By Vignesh Ganesh, G.J. Advani Law College, Mumbai.

“What is in a name?” I am sure you would have heard these immortal lines by the famous playwright, Shakespeare. This line sounds cool in the literary sense, but if Shakespeare knew of the exclusive value this line held in terms of intellectual property rights, he would definitely find the irony greater.

How many times have you heard of a person visiting a store and asking the storekeeper for a “Colgate” instead of toothpaste, or how many times have you heard a person ask for “Pepsi” or “Coke” instead of a soft drink. A trademark established to be insanely popular has the power to define and become the default term for an entire class of goods or services. The brand names of other competitors do not even feature in the competition. That is the power enjoyed by the established businesses that own these trademarks.

When Google was being newly incorporated, the founders of Google could never have known in their wildest dreams, that the word “Google” would grow synonymous with the word “Search”.

Importance of Registration

While the success stories of these extraordinary brands have revolutionized generations, these success stories show how important it is to create a brand that becomes memorable. In order for a brand to make place in a person’s mind, you will want to register and protect the trademark through the Trade Marks Registry established in India, under the provisions of the Trade Marks Act, 1999.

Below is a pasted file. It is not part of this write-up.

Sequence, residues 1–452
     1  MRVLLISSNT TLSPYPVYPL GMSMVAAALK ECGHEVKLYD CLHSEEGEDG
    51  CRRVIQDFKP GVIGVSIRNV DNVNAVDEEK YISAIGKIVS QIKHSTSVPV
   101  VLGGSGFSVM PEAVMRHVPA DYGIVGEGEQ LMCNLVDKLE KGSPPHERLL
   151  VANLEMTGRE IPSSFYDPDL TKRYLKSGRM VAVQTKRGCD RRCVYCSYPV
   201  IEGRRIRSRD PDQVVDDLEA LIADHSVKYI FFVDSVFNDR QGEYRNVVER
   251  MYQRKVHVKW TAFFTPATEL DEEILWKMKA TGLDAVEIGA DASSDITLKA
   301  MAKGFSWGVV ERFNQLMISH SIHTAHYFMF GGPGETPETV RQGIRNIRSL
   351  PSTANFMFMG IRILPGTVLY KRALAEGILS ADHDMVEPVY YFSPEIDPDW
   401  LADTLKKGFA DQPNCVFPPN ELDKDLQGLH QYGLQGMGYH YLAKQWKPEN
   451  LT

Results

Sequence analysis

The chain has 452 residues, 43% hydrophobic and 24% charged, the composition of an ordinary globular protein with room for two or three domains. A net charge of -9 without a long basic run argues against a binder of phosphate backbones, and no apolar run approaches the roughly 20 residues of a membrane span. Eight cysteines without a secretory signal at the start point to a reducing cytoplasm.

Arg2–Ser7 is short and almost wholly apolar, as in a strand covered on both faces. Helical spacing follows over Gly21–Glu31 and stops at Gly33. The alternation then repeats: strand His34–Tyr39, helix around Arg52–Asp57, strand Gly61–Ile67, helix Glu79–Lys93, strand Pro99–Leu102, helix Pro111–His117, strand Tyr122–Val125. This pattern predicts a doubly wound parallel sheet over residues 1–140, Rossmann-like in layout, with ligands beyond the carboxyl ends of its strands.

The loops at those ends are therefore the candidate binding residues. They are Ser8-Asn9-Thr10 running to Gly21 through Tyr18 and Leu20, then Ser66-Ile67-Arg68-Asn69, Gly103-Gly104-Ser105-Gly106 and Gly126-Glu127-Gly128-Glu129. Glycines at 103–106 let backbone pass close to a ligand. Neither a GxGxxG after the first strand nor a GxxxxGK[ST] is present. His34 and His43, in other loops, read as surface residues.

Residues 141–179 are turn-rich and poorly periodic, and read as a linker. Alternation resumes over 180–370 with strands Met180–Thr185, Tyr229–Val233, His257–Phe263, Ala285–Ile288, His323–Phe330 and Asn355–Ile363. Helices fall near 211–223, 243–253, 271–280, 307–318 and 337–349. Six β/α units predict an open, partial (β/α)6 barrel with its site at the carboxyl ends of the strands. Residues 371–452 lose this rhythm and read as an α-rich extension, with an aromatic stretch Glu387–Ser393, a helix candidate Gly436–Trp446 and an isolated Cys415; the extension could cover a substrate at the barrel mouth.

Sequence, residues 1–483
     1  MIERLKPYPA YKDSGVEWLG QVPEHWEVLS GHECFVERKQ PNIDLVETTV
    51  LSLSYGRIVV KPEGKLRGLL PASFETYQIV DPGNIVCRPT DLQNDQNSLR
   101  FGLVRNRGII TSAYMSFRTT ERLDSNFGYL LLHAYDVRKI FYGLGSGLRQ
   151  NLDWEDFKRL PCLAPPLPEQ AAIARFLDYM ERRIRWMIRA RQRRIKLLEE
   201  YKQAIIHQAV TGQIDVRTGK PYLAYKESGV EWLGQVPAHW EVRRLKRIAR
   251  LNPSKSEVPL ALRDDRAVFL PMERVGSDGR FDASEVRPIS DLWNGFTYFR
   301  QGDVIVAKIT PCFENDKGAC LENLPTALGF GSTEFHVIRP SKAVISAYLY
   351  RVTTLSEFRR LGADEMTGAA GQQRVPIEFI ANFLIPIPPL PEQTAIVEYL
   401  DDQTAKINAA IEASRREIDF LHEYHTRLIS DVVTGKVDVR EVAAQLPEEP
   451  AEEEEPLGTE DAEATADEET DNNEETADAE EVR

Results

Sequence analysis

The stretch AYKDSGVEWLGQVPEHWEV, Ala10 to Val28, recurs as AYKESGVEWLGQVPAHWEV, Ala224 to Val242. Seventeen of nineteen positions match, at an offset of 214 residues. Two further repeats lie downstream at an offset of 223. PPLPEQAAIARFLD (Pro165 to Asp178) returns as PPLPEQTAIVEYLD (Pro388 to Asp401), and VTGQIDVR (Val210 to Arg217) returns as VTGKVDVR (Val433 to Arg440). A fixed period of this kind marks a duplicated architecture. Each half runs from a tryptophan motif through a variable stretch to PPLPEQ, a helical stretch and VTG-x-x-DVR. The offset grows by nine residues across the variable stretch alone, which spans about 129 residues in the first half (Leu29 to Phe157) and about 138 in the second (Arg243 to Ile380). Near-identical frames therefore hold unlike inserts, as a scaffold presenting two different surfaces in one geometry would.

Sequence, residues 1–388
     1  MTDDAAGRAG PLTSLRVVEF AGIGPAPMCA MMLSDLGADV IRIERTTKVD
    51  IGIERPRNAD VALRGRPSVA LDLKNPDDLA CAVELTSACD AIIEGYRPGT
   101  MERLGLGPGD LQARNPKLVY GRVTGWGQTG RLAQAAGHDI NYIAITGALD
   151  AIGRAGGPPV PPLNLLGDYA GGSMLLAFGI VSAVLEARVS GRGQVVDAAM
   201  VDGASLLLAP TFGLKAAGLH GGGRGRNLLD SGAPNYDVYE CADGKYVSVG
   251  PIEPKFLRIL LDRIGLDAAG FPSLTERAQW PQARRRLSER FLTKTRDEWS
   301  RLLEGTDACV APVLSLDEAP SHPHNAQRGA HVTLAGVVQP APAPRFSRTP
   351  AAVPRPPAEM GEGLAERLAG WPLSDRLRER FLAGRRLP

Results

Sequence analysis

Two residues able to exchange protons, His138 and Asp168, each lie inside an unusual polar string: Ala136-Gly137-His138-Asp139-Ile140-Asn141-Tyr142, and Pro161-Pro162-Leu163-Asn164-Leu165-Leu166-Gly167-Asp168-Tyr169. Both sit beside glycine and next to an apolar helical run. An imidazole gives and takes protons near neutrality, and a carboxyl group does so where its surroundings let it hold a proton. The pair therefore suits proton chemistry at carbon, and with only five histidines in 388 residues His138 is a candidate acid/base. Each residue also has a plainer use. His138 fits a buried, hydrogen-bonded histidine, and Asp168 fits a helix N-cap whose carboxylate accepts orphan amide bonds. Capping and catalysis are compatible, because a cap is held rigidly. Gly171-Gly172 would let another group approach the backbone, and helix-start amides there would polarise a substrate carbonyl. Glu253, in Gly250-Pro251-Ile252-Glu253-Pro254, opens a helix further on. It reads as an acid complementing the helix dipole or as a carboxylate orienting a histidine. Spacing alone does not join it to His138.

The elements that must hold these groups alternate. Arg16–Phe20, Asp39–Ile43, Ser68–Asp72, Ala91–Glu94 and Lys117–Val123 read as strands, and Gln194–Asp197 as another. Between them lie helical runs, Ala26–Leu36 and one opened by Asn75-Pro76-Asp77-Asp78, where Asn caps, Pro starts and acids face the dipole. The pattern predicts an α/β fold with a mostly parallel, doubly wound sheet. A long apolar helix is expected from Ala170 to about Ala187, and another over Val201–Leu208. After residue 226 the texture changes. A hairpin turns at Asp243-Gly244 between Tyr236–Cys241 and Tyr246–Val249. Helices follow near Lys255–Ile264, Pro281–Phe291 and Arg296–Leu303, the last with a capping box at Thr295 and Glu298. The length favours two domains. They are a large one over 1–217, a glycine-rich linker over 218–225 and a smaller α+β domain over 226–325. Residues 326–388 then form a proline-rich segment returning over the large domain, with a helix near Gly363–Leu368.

It is quite common a belief that a trademark and business name are the same, but that is not always so. It is quite common for a business to take up an alternate brand name or a catchy fictitious brand name. For example, Dettol, a household anti-bacterial product is manufactured by a company with the business name Reckitt Benckiser Ltd. Horlicks, a malted milk hot drink is manufactured by a company with the business name GlaxoSmithKline Consumer Healthcare Ltd.